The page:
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Due to the established working conditions and the dysfunctional nature of our parent’s relationship, none of the children were motivated or inspired to assist or participate in the continuation of the family business.  In addition, our grandmother’s limitations that included (a) a lack of formal education, (b) the ability to converse only in the Greek language, and (c) an inability to drive leaving her confined in the home, was unable to establish any real lasting friendships or create a sense of personal freedom.  After fourteen years of what felt like slavery and isolation, she returned to her home country feeling unappreciated, unloved, beaten and worn down.  For her, work was an unpleasant experience because her limitations did not afford her many (if any) opportunities to spread her wings.  She was not an empowered woman and unable to communicate her needs, which added to the life-related stressors she experienced.  As a formerly independent woman, once the head of her own household, these new conditions created a life of confinement, with no compensation for her efforts, or a love interest to nourish her needs. From her perspective, everyone was pulling on her apron strings for the cooking, cleaning and other domestic services that were required of a full time service provider.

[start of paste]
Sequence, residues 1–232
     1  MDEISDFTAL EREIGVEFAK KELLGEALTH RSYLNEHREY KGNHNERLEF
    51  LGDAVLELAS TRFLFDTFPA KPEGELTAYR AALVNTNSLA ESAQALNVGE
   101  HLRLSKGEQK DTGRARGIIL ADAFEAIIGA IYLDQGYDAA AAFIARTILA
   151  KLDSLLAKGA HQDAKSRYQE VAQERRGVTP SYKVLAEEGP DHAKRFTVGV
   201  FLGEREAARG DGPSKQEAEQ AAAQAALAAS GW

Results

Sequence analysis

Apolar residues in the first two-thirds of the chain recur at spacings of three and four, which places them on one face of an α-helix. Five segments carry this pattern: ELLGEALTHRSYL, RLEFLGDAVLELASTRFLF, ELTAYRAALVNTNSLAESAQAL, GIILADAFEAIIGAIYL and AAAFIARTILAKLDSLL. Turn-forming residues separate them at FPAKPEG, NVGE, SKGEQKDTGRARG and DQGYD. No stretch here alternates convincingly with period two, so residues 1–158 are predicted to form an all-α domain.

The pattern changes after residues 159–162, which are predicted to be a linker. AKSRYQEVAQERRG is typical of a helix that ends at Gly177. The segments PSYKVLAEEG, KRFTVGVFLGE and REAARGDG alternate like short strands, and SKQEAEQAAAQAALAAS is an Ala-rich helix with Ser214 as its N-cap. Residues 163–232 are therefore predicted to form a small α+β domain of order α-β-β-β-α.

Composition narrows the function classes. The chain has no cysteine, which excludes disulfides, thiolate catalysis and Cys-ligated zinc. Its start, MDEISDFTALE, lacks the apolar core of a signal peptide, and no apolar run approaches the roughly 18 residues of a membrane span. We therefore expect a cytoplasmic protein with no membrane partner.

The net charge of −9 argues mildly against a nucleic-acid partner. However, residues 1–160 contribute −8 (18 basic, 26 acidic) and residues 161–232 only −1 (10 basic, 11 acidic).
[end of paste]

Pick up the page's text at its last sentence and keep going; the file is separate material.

Our mother was similarly unsatisfied with her work conditions.  She was trained and skilled as a consummate singer and possessed the voice of an angel.  Rather than pursuing her talents and dreams, she was expected like all other proper women from that generation, to marry and play the role of a good supportive wife.  In marrying our father, she gave up her dreams, independence, and desires to pursue her own passions.  Those choices had a profound effect on her self-esteem and self-efficacy.

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Our father on the other hand, was cast in the dominant role.  He was conditioned and nurtured as the head of the family; the king of his castle.  He ran our household like that of a dictatorship based on his perceptions, experience, limited education and ethnocentric views.  He was the supreme ruler in our family whose methodologies were not to be questioned.  He was very affectionate and had a great sense of humor, but quite a strict disciplinarian.  When we made inquiries or asked for explanations, we received answers like, “Because I said so!”  Intelligent individuals require a more reasonable response and explanation.  Those kinds of responses fostered frustration and confusion to say the least.